NAACP president: William Barr ‘literally wrote a book on the case for more incarceration’

NAACP president: William Barr ‘literally wrote a book on the case for more incarceration’
© Greg Nash

NAACP President Derrick Johnson on Wednesday denounced President TrumpDonald John Trump5 things to know about Boris Johnson Conservatives erupt in outrage against budget deal Trump says Omar will help him win Minnesota MORE's attorney general nominee over his tenure leading the Justice Department under President George H.W. Bush, suggesting William Barr would not support criminal justice reform.

“Mr. Barr’s record demonstrates a lack of strong commitment to protecting the civil and human rights of all Americans. The communities served and represented by the NAACP will have a difficult time placing their trust in the Justice Department and, by extension, the American criminal justice system overall,” he testified during the second day of Barr's confirmation hearings. 

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“He literally wrote a book on the case for more incarceration,” Johnson added, referencing a 1992 Justice Department memorandum, “The Case for More Incarceration.”

Barr’s record in the early 1990s has sparked concerns among groups such as the NAACP. 

As deputy attorney general and attorney general, Barr helped oversee the implementation of a 1990 crime law that critics say escalated the war on drugs and had a disproportionate impact on communities of color. He’s also supported harsher sentencing laws, co-chaired a commission for Virginia’s governor in 1994 that suggested abolishing parole and downplayed racial disparities in the criminal justice system.

“Mr. Barr’s record on criminal justice is abysmal. As attorney general, he championed mass incarceration and deprived countless persons of color of their liberty and dramatically limited their future potential. His Justice Department tenure was marked by extraordinarily aggressive policies that harmed people of color,” Johnson said.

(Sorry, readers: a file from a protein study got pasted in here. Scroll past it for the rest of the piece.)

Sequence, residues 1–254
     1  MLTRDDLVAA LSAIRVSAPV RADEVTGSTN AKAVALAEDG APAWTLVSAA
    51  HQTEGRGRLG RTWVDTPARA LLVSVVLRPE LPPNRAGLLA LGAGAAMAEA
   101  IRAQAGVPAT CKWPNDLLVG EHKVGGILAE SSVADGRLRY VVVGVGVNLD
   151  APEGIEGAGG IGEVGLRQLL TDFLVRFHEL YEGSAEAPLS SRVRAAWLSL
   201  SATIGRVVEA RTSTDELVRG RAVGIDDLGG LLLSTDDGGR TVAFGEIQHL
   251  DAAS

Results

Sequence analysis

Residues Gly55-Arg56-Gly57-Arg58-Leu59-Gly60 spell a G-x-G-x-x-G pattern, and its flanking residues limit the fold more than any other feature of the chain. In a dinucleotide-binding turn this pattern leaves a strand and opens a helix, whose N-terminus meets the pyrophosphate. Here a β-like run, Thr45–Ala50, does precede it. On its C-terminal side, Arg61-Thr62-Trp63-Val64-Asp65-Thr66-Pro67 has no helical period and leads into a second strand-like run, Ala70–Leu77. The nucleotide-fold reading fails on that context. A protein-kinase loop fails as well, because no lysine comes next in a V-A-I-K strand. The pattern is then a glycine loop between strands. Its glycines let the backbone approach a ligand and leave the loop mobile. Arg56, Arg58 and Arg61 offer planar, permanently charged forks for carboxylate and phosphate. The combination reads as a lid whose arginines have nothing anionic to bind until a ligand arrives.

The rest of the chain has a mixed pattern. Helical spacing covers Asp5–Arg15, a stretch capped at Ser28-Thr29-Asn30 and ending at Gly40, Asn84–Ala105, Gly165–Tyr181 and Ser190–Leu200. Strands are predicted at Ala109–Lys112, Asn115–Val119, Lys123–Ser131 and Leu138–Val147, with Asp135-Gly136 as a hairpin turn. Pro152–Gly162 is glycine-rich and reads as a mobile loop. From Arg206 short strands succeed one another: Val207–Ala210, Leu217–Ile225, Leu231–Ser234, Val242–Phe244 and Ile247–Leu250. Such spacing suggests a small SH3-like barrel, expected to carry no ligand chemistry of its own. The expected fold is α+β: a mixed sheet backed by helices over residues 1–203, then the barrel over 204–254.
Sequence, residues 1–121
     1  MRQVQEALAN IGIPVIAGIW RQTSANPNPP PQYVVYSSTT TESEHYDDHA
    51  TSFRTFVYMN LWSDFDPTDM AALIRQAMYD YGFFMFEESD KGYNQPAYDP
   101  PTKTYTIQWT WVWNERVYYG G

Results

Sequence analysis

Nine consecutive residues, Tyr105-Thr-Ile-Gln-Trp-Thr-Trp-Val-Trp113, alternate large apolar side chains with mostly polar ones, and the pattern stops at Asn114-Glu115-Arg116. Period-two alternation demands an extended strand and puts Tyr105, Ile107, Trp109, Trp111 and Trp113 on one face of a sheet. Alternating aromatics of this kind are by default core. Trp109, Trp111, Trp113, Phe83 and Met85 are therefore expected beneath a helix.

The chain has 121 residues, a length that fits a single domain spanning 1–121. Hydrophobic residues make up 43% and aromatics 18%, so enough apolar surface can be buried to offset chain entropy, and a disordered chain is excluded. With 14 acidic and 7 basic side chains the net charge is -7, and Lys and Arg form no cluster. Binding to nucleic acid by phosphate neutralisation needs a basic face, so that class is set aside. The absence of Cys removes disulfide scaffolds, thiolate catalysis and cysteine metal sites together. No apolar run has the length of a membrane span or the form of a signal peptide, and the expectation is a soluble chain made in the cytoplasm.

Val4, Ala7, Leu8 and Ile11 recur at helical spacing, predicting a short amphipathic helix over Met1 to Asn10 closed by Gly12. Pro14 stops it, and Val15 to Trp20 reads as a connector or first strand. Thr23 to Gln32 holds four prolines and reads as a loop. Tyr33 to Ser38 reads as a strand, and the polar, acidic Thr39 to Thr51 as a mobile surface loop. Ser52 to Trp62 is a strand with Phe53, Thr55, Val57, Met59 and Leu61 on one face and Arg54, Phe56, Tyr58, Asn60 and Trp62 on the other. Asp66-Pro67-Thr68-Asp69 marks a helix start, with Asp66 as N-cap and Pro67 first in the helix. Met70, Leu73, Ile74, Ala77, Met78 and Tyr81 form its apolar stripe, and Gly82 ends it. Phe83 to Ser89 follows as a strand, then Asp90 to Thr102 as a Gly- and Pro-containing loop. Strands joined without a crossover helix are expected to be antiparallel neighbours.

“William Barr did not and does not recognize the racially discriminatory impact of our criminal justice system policies. In 1992 he said, ‘I think our system is fair and does not treat people differently.’ And just yesterday he told Sen. [Cory] Booker [D-N.J.], ‘overall, the system treats black and whites fairly.’

"This statement is singly disqualifying.” 

"The NAACP opposes Mr. Barr's nomination, and I urge every member of this committee to vote against his confirmation," he added.

Barr on Tuesday sought to allay such concerns, saying he would implement a bipartisan criminal justice reform bill signed into law last year that, among other things, reduces mandatory minimum sentences in certain instances and expands on “good time credits” for well-behaved prisoners.

However, he defended his positions form the 1990s, saying they appropriately addressed the issues of the time. 

“I don’t think comparing the policies that were in effect in 1992 to the situation now is really fair,” Barr said. “I think the time was right to take stock and make changes to our penal system based on our current experience.”